How are Canadians investing in their portfolios?

New Morningstar study peels back the layers on most preferred investment structures, appetite for risk-taking, and more

How are Canadians investing in their portfolios?

While most assets among individual investors in Canada are placed in balanced strategies, that doesn’t mean they’re averse to allocating part of their portfolios into riskier assets either, according to a new study from Morningstar.

The study, which covers 14 countries, was conducted based on all accessible investment instruments to retail and mass-affluent investors who have the capacity to invest in their local market.

“This study is conceptually in line with Morningstar’s Global Investor Experience Report,” says Danielle LeClair, director of Manager Research at Morningstar Canada. “It’s an expansion of our ability to take a deep dive on different topics and compare different markets, and I’m excited that this piece is out there.”

Based on its snapshot survey conducted in early spring and throughout the summer, Morningstar found more than 50% of investor assets in Canada were weighted towards balanced mutual funds, an outcome that LeClair says can be expected given the investment platforms available and the appetite for diversification among individual investors in the country.

“We also found 5% of all non-fund-of-fund product and ETF assets among Canadian investors were in dividend-focused categories, which are characterized by a yield greater than that of the S&P/TSX composite dividend index,” she says. “Even within categories, we see Canadians have strong tilt toward dividend-paying strategies, and it’s a theme we’ve been seeing for a few years.”

The study also found a continued prevalence of home bias across all markets including Canada, with investors’ tilting their portfolios more heavily towards equities in their local market compared to the equivalent portion allocated in most broad global equity indices.

In line with that, locally domiciled mutual funds came through as the most popular investing structure among Canadian investors, which LeClair attributes to the fact that most assets in Canada are linked to advisor networks that are plugged into a broad distribution base of mutual funds.

“I think that provides advisors with a platform of opportunities for investors, but also professional managed assets that they can recommend to investors,” she says. “After locally domiciled funds, direct equities and direct fixed-income securities were the next most popular investing structures.”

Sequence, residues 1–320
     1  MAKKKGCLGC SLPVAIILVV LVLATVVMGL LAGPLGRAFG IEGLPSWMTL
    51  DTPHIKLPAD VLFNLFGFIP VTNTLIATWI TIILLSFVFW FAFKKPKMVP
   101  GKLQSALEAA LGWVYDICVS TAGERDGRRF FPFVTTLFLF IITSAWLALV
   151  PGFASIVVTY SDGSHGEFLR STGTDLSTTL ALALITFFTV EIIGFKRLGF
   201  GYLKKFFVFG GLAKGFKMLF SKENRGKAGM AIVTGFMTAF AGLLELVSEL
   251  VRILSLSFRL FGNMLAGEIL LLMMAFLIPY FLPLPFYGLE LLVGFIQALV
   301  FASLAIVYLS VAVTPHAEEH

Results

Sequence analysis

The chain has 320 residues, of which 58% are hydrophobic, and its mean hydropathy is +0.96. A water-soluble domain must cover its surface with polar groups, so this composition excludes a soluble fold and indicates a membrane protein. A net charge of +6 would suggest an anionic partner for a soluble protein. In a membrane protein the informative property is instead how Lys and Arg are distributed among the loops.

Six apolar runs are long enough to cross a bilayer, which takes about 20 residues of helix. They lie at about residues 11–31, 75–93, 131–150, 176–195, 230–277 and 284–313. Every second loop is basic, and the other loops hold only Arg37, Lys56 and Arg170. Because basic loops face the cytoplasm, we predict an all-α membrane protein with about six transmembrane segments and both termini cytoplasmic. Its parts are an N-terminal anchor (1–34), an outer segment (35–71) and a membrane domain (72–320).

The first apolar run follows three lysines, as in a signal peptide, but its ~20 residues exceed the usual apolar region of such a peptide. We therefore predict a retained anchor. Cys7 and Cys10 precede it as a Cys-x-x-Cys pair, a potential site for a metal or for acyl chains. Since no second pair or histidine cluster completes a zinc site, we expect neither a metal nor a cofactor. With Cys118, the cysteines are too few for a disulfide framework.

From a global perspective, Canadians tended to fall on the medium-risk range of the investor spectrum, preferring to allocate small portions of their financial assets in cash-like investments rather than cash. That modest appetite for risk-taking, according to the report, isn’t surprising given the drift from defined-benefit to defined-contribution plans that’s occurred within Canada’s pension system.

The survey also found that relative to other markets, Canada exhibited a stronger interest in crypto investment. Polls seem to indicate that compared to Americans, Australians, and British households, Canadians were more likely to invest in digital assets. The report also notes that Canada was among the first jurisdictions to allow cryptocurrencies to be held and traded within discount brokerage platforms.

“Canada really has a favourable regulatory environment for digital assets,” LeClair notes. “The government of Canada came out with commentary around digital assets as early as 2014, which legitimized the space to a certain extent. Since then, the country’s securities regulators have been relatively accommodative of digital assets compared to their global counterparts, and the first digital asset ETF was launched here.”

Another point towards Canadians’ moderate risk-taking, she says, is the emergence of liquid alternatives as an option for investors. That came off the back of regulatory changes opening the door to alternative mutual funds in 2019.

The survey also found distribution networks in Canada were dominated by a handful of vertically integrated financial institutions where financial advice is also made available to investors. Within these channels, the majority of assets sit in commission-based share classes, with ongoing advice and distribution fees bundled into the commission paid to advisors.

But that could be changing. Citing a recent supplementary study to the Morningstar Global Investor Experience that focuses only on Canada, LeClair says data from March this year showed a notable shift among investors into fee-based products. It also revealed that between 2020 and 2022, most new fund launches were in fee-based share classes.

“We at Morningstar encourage more transparency around what’s included in these bundled fee packages, and I believe the CFRs have also prompted changes in that direction,” she says. “The shift of investors navigating towards fee-based is really an improvement that we've been seeing in the market.”

Another positive trend in Canada, according to LeClair, is the ongoing shift toward ESG investing. While Europe continues to lead the way in terms of ESG adoption, the Canadian market for sustainable funds has also been evolving in a positive direction.

“There has been some guidance issued by various Canadian governing bodies, about ESG standards,” LeClair says. “I think those standards are going to help give investors more clarity on what it actually means when they're buying ESG funds.”